H.Con.Res. 156: Directing the Joint Committee on the Library to accept a statue commemorating the Hungarian Revolution of 1956 for placement in the United States Capitol, authorizing the use of the rotunda of the Capitol for a ceremony for the presentation of the statue, and directing the Architect of the Capitol to place the statue in a suitable permanent location in the Capitol.

Introduced:

Sep 15, 2016

Status:

Referred to Committee on Sep 15, 2016

This resolution was assigned to a congressional committee on September 15, 2016, which will consider it before possibly sending it on to the House or Senate as a whole.

Sponsor:

Dennis Ross

Representative for Florida's 15th congressional district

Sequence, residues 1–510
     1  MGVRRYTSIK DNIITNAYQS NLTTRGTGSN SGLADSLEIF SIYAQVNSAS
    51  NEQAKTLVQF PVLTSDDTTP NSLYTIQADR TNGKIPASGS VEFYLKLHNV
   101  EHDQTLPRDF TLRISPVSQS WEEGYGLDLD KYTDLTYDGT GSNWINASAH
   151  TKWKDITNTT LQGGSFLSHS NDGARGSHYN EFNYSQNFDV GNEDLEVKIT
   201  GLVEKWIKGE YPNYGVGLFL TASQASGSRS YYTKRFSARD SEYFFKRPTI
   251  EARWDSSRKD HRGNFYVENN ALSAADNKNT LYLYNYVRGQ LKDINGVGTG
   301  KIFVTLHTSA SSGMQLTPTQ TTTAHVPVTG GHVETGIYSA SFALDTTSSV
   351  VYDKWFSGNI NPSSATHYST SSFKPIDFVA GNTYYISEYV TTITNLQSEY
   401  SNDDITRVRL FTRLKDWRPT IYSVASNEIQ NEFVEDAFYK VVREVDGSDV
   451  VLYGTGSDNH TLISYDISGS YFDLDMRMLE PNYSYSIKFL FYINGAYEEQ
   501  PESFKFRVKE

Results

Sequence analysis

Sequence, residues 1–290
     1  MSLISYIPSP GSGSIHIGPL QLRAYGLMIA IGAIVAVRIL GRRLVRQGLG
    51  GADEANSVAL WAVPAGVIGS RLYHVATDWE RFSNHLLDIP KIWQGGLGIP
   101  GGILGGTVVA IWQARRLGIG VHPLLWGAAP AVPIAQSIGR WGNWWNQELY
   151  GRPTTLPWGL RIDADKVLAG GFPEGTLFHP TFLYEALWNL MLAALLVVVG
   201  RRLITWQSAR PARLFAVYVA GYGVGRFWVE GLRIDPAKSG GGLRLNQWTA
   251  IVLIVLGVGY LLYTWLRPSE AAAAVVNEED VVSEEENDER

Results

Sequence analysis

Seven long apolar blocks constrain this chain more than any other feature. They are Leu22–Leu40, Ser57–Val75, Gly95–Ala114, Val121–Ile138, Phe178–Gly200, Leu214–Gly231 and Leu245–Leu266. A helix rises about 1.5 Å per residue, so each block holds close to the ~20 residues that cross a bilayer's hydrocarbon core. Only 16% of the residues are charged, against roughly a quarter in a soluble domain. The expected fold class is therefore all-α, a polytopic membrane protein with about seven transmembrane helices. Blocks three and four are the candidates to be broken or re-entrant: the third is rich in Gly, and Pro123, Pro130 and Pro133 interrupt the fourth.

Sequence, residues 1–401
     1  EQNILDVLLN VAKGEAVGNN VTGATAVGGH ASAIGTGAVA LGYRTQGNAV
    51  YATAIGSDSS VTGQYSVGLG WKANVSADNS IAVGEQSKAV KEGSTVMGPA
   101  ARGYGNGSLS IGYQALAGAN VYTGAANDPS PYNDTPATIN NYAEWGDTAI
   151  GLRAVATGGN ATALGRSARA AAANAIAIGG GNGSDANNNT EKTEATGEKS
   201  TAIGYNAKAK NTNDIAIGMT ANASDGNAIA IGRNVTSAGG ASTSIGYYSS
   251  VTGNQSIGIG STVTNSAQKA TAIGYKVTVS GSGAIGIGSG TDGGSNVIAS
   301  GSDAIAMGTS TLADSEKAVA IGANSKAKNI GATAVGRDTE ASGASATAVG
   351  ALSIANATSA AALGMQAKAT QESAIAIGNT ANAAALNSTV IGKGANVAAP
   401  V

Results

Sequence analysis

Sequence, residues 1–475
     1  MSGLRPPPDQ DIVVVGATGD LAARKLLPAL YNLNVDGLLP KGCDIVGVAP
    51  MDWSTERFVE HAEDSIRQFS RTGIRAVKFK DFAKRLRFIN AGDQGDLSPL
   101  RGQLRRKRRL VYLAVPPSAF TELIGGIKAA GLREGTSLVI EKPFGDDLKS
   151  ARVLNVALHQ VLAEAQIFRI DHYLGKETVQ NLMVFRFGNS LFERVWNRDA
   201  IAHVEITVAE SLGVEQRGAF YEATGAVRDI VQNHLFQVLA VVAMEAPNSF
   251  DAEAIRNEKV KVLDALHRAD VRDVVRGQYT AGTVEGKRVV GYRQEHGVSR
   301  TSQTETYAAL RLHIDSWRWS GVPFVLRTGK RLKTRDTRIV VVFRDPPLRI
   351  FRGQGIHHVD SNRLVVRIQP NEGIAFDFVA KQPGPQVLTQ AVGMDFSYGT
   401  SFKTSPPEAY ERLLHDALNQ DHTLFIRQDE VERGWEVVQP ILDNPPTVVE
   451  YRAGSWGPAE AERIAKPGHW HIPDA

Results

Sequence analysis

Republican

Text:

Read Text »
Last Updated: Sep 15, 2016
Length: 3 pages

Prognosis:

51% chance of being agreed to (details)

History

Sep 15, 2016
 
Introduced

This is the first step in the legislative process.

 
Reported by Committee

 
Passed House

 
Passed Senate

This page is about a resolution in the United States Congress. A concurrent resolution is often used for matters that affect the rules of Congress or to express the sentiment of Congress. It must be agreed to by both the House and Senate in identical form but is not signed by the President and does not carry the force of law.

Links & tools

Primary Source

Congress.gov

Congress.gov is updated generally one day after events occur. Legislative activity since the last update may not be reflected on GovTrack. Data via congress project.

Citation

Click a format for a citation suggestion: